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Social Studies

Good day Missouri Social Studies educators,

Like so many other previously seemingly routine tasks, even drafting a back-to school message is proving a bit more complex this August. It is not a typical year and these are not typical times for schools and school communities, so the usual adages about journeys, adventures and paths seem painfully inadequate.

For many of us, it is difficult to know just when and where to begin thinking about schools and/or school buildings re-opening, plus how to plan for teaching and learning as the uncertainties of resources, time and, sadly, even life, seem to change daily.    

And yet, as social studies educators, we know people have faced greater challenges throughout history. And, they did it with little scientific understanding, meager resources, a dearth of accurate information and absent timely communication.

Comparatively, we have vast assets of knowledge, experience and human capital to use as we re-open our schools, restructure our institutions and rebuild our communities. Here at DESE, it is our responsibility to support you as you work with Missouri students and their families. We have been focused over the past months on providing useful, accurate and reliable information as you seek to make informed decisions regarding teaching and learning in our Missouri schools.

I want to call your attention to two sets of rich resources that can provide guidance for the many important decisions you will make in the coming days. 

  1. In June, 100+ Missouri educators, including three representatives from the Missouri Council for the Social Studies, worked to craft recommendations pertinent to school re-opening. You can access those recommendations as well as a wealth of relevant resources for teaching and learning at: https://dese.mo.gov/college-career-readiness/curriculum/task-force-learning-acceleration
  2. In July, DESE sponsored a week of virtual Professional Learning, including three days focused on returning-to-learn ideals for social studies, science, ELA and ELD.  Recordings and materials from those sessions can be found though the hub at: https://docs.google.com/document/d/1mONPqxtKjFR4CO9BteB6ggGciPwzVCQHOwA2m7Tkn10/edit

Use your specific educator lens-- teacher, curriculum specialist, instructional coach, administrator or social studies friend—to explore these multi-leveled assets. They contain a wealth of ideas generated by educators across our state and nation. I am confident you will find some tools and strategies to address the many challenges posed by your current circumstance.  

As we work through this time together, the mindset of ‘challenge as opportunity’ remains paramount in our work and in our lives. Please feel free to reach out with thoughts, questions or ideas in the coming days. I want to support you and your mission.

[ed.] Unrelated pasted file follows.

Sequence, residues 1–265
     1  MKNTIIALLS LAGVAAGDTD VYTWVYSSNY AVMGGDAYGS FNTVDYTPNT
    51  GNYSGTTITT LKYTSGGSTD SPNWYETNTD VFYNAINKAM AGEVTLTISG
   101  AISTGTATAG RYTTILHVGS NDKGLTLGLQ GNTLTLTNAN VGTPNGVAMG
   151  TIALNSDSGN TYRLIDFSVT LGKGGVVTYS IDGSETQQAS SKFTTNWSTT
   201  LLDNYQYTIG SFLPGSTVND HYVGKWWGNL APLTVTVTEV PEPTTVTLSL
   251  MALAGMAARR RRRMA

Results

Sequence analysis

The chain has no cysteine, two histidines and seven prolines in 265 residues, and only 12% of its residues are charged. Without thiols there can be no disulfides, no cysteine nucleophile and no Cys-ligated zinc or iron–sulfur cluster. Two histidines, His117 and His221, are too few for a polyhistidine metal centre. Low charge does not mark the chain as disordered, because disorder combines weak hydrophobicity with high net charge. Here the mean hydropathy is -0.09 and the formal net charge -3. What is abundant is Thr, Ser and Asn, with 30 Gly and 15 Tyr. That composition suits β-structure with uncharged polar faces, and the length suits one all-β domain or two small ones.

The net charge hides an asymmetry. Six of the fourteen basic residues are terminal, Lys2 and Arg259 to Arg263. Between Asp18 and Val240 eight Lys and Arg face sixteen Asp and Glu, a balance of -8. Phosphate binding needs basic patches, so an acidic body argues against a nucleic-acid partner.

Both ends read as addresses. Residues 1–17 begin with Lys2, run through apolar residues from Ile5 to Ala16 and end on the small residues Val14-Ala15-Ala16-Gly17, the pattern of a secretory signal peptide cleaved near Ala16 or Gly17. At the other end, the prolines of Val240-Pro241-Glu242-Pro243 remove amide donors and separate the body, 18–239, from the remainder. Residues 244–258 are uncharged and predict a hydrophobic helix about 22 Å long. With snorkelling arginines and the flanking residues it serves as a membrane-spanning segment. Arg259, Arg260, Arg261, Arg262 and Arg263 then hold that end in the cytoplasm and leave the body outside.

Dixie Johnson Grupe​
Director, Social Studies
Office of College and Career Readiness
Missouri Department of Elementary and Secondary Education

Social Studies Missouri Learning Standards

Current Standards

The standards, approved on April 19, 2016 are for implementation beginning in the 2016-2017 academic year. They will be assessed in Government and HS American History (optional) EOC assessments in a census field test in 2018-2019 and then in operational form beginning in 2019-2020.

Social Studies - K-5: K-5 PDF | K-5 Word
Social Studies - 6-12: 6-12 PDF | 6-12 Word
Social Studies - K-12: K-12 Excel (Updated 02.15.19) 


*Updated 5.30.18
K-5 | MS American History | MS World Geography | MS World History | HS American Government. | HS American History | HS World History 

Teacher View

These are the new Missouri Learning Standards K-12 Expectations for Social Studies, but the alternative layout includes details and resources classroom teachers may find helpful. 

Additional Resources

Professional Development Opportunities​

Missouri Council for History Education

Build your own Professional Development: Sponsored by Missouri Council for History Education. The Missouri Humanities Council has partnered with MOCHE to sponsor a Visiting Scholars Program.  They will line up a team of experts (subject and curriculum development) to meet with your faculty and either talk about improving history education overall and/or how to improve teaching about specific topic areas your faculty suggests. They will bring in university researchers, authors, and seasoned teachers to help your faculty start the year with ideas to energize their classrooms; all at no cost to your district. Interested school districts’ in-service coordinator should contact Flannery Burke, Visiting Scholars Coordinator to set a date. fburke@slu.edu

US Holocaust Memorial Museum: History Unfolded

US Holocaust Memorial Museum: History Unfolded is a new project at the museum asking “citizen historians” to help research the way the Holocaust was reported in local US newspapers from 1933 to 1945. For more information on this project:ushmm.org/history-unfolded

Veterans National Education Program

This on-line resource includes free resources tied to modern history, culture, geography and current events. For more information http://v-nep.org/global-awareness-map/ 

Professional Development Series Resources




All Social Studies awards are currently on hold due to the ongoing pandemic. Check back for more information.

Social Studies Colloquia


Colloquia Resources

Resources for Social Studies Colloquia

These historical resources are primary source documents and are thusly reflective of the time and place in which they were written. Take caution in the use of these texts. The documents may contain objectionable content and are not appropriate for all students.

  1. Songs from the Civil War - Confluence Spring/Summer 2011
  2. Worker Number 74530 - Kate L. Gregg - Confluence Fall 2009
  3. When Sleepy Hollow came to St. Louis - Irving - Confluence Spring/Summer 2015
  4. A Mean Race Report - CV May 1909
  5. Memoir of Faithful Slaves - CV August 1911 
  6. Monument to Faithful Slaves - CV March 1905
  7. Monument to Family Slaves - CV October 1914
  8. Monument to Slaves - CV September 1904
  9. Problem of the - CV January 1907
  10. Tribute to Our Faithful Slaves - CV July 1905
  11. Major Ewing's New Book Ad 1906
  12. Confederate History in Memorials - CV